How to: Launch a Process that Persists even if you Disconnect your ssh Terminal
How to: Launch a Process that Persists even if you Disconnect your SSH Terminal
I’m not sure if this has happened to you before, but there are times when you have an application you wish to launch but if you disconnect from the terminal (SSH or physical) that process gets terminated. For example, currently I am running a proxy application that displays to the screen the status (connections to the upstream servers, work load, connection to the downstream clients, etc.). I want to be able to disconnect without causing it to be shut off. In order to achieve this, I am looking at using a terminal multiplexer. What this does is ti allows a user to access multiple separate terminal sessions inside a single terminal windows (physi8cal or remote like SSH.) This opens a new set of possibilities. If you are like me and sometimes end up with several SSH connections to the same server so you can observe different logs (thinking of tail -f) then what a multiplexer gives you is the ability to do so all in one connection. Thus far my favourite multiplexer is screen which comes built in with Ubuntu. Below I’ll get into the details on how to use it:
Screen is a terminal multiplexer, which allows a user to access multiple separate terminal sessions inside a single terminal window or remote terminal session (such as when using SSH).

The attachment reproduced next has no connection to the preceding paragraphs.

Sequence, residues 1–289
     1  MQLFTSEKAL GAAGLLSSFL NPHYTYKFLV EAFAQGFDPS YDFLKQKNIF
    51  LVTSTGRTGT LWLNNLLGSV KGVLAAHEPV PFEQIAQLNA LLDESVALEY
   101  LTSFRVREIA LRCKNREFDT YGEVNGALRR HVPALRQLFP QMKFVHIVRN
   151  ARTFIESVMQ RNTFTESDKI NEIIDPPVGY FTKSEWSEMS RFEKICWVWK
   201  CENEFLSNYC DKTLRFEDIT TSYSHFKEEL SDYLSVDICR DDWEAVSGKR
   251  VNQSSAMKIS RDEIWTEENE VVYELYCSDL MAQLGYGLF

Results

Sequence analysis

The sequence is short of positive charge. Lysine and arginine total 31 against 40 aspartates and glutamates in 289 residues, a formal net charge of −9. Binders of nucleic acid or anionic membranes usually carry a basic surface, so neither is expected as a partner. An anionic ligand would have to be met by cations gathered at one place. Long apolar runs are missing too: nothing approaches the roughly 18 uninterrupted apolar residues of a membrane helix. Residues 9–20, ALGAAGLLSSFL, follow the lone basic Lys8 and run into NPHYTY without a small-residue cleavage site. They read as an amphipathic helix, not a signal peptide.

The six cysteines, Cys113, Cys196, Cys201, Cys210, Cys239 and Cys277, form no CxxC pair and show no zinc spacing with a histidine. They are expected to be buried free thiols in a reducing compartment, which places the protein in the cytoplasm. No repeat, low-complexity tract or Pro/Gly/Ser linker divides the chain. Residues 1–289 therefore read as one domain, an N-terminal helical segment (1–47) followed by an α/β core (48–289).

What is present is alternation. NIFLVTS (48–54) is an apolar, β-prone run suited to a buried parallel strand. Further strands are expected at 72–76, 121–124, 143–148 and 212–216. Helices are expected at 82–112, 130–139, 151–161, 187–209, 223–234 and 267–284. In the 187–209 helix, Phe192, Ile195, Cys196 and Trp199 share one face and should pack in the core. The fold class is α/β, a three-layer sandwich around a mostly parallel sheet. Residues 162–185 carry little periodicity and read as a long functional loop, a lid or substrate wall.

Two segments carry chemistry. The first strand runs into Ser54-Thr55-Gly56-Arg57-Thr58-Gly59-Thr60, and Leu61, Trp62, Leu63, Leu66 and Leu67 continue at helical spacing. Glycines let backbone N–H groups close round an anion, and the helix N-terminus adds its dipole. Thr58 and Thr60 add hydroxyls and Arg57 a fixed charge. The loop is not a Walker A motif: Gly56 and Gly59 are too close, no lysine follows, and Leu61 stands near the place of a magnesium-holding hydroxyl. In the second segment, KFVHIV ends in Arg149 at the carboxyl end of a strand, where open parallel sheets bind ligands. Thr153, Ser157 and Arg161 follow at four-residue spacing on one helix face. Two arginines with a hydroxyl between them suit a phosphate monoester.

The screen package can be installed on Ubuntu using apt-get or any other method you prefer. As far as I know it already comes installed with the latest versions (at least I haven’t needed to install it for some reason)
Starting with the Jaunty release, the screen-profiles package (later renamed Byobu) provides advanced features such as status bars, clocks, and notifiers. The package can also be manually installed on previous Ubuntu releases.
Screen can be started by typing
in a terminal. Press Enter after reading the introductory text.
Virtual terminals in Screen can be manipulated by pressing the Ctrl+A key combination, and subsequently pressing a key to execute one of the commands given below:
c creates a new virtual console
n switches to the next available virtual console
p switches back to the previous virtual console
“ lists all available virtual consoles and their assigned numbers
- hitting a number key brings the corresponding virtual console to the foreground
Esc lets you scroll back and forth in your terminal output
d detaches the current screen sessions and brings you back to the normal terminal
When a Screen session is detached, the processes that were running inside it aren’t stopped. You can re-attach a detached session by typing
in a terminal
To remove the annoying copyright notice at startup, edit your /etc/screenrc with
gksudo gedit /etc/screenrc
and remove the hash which begins the line
Save the file, and you will not see it again
For further information and more advanced commands, you can refer to the screen man page.